Appeal from the United States District Court for the Northern District of Illinois, Eastern Division. No. 93 CR 689--George W. Lindberg, Judge.
Before BAUER, CUDAHY and KANNE, Circuit Judges.
James Hogan is an ex-sheriff who pleaded guilty to mail fraud in violation of 18 U.S.C. sec. 1341. As Director of Personnel for the Cook County Sheriff's Office, Hogan manipulated the recruiting process for deputy sheriffs and corrections officers. In particular, he made sure that certain applicants received passing scores on entrance exams and falsified records indicating that other applicants had received their general education degrees. On appeal, Hogan complains of the district court's sentencing determinations. He first suggests that the district court erred in determining that he was an "organizer or leader" of a criminal scheme involving five or more participants. Second, he complains of both the basis and the extent of the district court's upward departure. We find the district court's sentencing determinations largely unobjectionable. We therefore affirm the enhancement for Hogan's leadership role and the basis for determining that Hogan's actions warranted an upward departure. The district court failed, however, to justify the extent of its upward departure. We therefore remand for findings in this regard.
James Hogan (Hogan) worked as Director of Personnel for the Cook County Sheriff's Office. As Director of Personnel, Hogan was in charge of hiring Cook County deputy sheriffs and corrections officers from the pool of applicants certified for hiring by the Cook County Sheriff's Merit Board. He ultimately used this position to engineer a fraudulent hiring scheme from early in 1987 until sometime in November of 1990.
The scheme largely involved manipulating and falsifying the qualifications of certain applicants for positions as Cook County corrections officers and deputy sheriffs. The Cook County Sheriff's Office can appoint only individuals who have been certified for the particular positions by the Cook County Sheriff's Merit Board. The Merit Board certifies applicants for positions based on a number of criteria--among these, the possession of a high school diploma or the equivalent and the passing of a written reading comprehension exam.
After Hogan became Director of Personnel for the Sheriff's Office he took a number of measures to ensure that certain favored applicants received positions as deputy sheriffs and corrections officers. In particular, he handed out stamped application forms to certain applicants at times when they were not available to the general public. He also made sure that certain applicants were given automatic passing scores on the required written entrance exams. And he had fictitious general education degree (GED) certificates placed in the files of other applicants.
Hogan acted in concert with others to accomplish this scheme. He apparently acted at the behest of an anonymous high level official. In addition, at least six others in the Sheriff's Department worked with him. Among these, only Jeffery Glass, the Assistant Director of the Cook County Sheriff's Merit Board, held a position of authority parallel to that of Hogan. The remainder of the individuals involved in the scheme were Hogan's subordinates and apparently acted pursuant to his orders. The government suggests that Glass, too, acted according to Hogan's orders. Apparently, when the high level official met with Hogan and Glass, the high level official told Glass that Glass should do whatever Hogan told him to do.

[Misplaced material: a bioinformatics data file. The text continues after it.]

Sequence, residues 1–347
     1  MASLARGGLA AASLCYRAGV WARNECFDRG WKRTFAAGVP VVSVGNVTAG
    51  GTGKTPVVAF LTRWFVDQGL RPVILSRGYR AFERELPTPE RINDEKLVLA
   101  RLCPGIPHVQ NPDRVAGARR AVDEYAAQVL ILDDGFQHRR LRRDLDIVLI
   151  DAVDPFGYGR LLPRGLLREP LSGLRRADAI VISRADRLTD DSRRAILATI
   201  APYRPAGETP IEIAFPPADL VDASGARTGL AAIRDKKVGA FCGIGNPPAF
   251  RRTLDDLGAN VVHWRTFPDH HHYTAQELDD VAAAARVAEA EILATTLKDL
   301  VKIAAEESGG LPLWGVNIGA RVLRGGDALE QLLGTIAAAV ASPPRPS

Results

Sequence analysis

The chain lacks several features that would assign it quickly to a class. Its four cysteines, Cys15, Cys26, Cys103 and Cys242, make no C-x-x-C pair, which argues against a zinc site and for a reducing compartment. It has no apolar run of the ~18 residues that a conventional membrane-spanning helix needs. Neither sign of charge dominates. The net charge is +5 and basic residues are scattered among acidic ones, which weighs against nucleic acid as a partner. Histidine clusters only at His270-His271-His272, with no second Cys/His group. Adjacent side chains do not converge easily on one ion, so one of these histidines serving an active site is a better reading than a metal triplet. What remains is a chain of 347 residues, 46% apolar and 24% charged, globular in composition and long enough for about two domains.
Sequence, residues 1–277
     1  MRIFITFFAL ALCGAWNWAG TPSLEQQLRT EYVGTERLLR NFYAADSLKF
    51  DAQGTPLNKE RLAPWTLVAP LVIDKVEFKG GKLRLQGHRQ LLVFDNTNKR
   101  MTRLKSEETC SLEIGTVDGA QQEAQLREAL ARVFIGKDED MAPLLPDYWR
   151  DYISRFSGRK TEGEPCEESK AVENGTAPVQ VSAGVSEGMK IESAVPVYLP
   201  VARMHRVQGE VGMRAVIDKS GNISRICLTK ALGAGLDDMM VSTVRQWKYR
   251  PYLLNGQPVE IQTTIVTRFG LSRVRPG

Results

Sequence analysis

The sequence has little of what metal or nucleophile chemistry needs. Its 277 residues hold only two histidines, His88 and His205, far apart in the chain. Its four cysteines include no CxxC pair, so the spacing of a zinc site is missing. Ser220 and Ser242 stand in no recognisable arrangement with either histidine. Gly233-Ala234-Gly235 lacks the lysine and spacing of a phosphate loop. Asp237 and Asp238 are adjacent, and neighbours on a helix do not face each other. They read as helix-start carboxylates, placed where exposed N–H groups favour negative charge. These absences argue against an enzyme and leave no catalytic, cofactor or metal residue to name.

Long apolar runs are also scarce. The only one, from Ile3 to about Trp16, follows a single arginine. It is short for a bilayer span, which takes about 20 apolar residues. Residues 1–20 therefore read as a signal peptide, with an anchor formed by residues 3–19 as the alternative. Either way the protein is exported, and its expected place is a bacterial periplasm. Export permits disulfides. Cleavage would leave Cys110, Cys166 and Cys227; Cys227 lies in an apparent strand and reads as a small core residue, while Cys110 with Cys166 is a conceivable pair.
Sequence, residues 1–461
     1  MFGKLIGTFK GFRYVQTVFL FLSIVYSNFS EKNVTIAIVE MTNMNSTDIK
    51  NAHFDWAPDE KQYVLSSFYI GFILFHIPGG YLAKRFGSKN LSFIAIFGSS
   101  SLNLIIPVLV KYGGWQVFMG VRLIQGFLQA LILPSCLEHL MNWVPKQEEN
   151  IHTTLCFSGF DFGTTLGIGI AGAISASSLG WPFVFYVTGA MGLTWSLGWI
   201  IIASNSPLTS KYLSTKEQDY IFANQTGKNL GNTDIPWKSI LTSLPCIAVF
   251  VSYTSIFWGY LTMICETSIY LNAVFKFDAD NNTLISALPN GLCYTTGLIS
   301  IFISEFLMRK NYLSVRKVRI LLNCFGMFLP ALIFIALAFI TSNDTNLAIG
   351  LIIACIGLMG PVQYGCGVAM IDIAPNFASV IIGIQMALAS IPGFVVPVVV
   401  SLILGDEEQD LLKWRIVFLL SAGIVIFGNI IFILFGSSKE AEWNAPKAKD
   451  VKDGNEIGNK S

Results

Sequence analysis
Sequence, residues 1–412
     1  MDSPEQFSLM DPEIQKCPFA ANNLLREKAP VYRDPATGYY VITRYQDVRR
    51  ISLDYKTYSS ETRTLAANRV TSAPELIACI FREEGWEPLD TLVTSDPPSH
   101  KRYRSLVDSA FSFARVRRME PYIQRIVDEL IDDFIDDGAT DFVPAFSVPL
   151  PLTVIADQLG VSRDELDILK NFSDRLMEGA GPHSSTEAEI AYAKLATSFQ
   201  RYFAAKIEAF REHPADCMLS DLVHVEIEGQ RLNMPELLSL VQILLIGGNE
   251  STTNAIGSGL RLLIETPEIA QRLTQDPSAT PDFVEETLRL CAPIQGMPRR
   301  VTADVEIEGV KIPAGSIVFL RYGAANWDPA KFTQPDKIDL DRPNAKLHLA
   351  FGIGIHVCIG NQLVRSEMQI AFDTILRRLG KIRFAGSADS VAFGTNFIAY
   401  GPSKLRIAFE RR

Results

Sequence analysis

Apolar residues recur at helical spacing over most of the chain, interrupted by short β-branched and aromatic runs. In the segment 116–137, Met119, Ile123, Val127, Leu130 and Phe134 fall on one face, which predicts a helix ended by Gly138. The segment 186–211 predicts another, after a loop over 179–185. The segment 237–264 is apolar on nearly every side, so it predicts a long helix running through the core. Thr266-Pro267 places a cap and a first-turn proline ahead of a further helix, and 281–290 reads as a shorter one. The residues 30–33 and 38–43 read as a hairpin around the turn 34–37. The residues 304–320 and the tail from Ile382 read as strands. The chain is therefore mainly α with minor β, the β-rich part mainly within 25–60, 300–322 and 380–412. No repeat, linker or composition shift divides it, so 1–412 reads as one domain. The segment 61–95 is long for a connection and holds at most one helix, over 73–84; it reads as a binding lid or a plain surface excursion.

The record fails to indicate the precise number of unqualified individuals actually hired because of this scheme. Documentation does suggest, however, that at least 367 applicants for Deputy Sheriff and Corrections Officer positions were given a passing score on the entrance exam despite failing marks. In addition, at least 125 fictitious GED certificates were placed in the files of designated applicants who did not possess the required educational credentials.
Hogan ultimately pleaded guilty to mail fraud in violation of 18 U.S.C. sec. 1341 for these activities. The district judge sentenced him to twenty-four months in prison, followed by three years of supervised release. The court also ordered Hogan to perform three hundred hours of community service and to pay a fine of eighteen thousand dollars.
This sentence reflects a number of findings under the 1988 version of the Sentencing Guidelines. Finding that Hogan's base offense level was 6 under U.S.S.G. sec. 2F1.1(a) (Fraud and Deceit), the district court enhanced 2 levels pursuant to U.S.S.G. sec. 2F1.1(b)(2) for more than minimal planning and a scheme to defraud more than one victim. Because the total offense level was still less than 10, the district court then increased it to this level. U.S.S.G. sec. 2F1.1(b)(2). The district court then determined that Hogan was the organizer or leader of a criminal activity involving five or more participants and added a four-level enhancement. U.S.S.G. sec. 3B1.1(a). The court then reduced Hogan's offense level by two levels in light of his acceptance of responsibility. U.S.S.G. sec. 3E1.1.
These calculations gave Hogan an offense level of 12. Because he had no prior criminal record, he had a criminal history category of I. The district court believed that this offense level failed to adequately reflect the seriousness of Hogan's criminal conduct in light of the "multiplicity of offenses" that he had committed. The district court therefore departed upward four offense levels. To support its decision to depart, the district court cited numerous factors about the nature of Hogan's offense. Specifically, it believed that an upward departure was warranted in light of the sheer number of victims affected and ...